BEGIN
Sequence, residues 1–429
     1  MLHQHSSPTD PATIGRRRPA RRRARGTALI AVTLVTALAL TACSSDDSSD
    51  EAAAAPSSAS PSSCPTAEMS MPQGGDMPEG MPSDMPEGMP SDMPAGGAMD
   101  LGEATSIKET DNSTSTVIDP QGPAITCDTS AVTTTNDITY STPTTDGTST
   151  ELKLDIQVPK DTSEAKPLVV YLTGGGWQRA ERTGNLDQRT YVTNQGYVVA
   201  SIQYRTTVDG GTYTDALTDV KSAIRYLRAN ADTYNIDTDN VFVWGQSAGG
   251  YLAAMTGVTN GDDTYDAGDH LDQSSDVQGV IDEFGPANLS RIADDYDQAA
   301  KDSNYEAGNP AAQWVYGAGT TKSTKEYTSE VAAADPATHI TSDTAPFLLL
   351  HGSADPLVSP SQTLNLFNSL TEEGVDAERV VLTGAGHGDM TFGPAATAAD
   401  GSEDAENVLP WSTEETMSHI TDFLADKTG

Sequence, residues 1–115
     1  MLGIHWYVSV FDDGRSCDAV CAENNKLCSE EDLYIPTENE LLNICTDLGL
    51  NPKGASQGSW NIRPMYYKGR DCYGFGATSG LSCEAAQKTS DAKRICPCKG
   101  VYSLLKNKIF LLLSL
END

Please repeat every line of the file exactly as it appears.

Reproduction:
Sequence, residues 1–429
     1  MLHQHSSPTD PATIGRRRPA RRRARGTALI AVTLVTALAL TACSSDDSSD
    51  EAAAAPSSAS PSSCPTAEMS MPQGGDMPEG MPSDMPEGMP SDMPAGGAMD
   101  LGEATSIKET DNSTSTVIDP QGPAITCDTS AVTTTNDITY STPTTDGTST
   151  ELKLDIQVPK DTSEAKPLVV YLTGGGWQRA ERTGNLDQRT YVTNQGYVVA
   201  SIQYRTTVDG GTYTDALTDV KSAIRYLRAN ADTYNIDTDN VFVWGQSAGG
   251  YLAAMTGVTN GDDTYDAGDH LDQSSDVQGV IDEFGPANLS RIADDYDQAA
   301  KDSNYEAGNP AAQWVYGAGT TKSTKEYTSE VAAADPATHI TSDTAPFLLL
   351  HGSADPLVSP SQTLNLFNSL TEEGVDAERV VLTGAGHGDM TFGPAATAAD
   401  GSEDAENVLP WSTEETMSHI TDFLADKTG

Sequence, residues 1–115
     1  MLGIHWYVSV FDDGRSCDAV CAENNKLCSE EDLYIPTENE LLNICTDLGL
    51  NPKGASQGSW NIRPMYYKGR DCYGFGATSG LSCEAAQKTS DAKRICPCKG
   101  VYSLLKNKIF LLLSL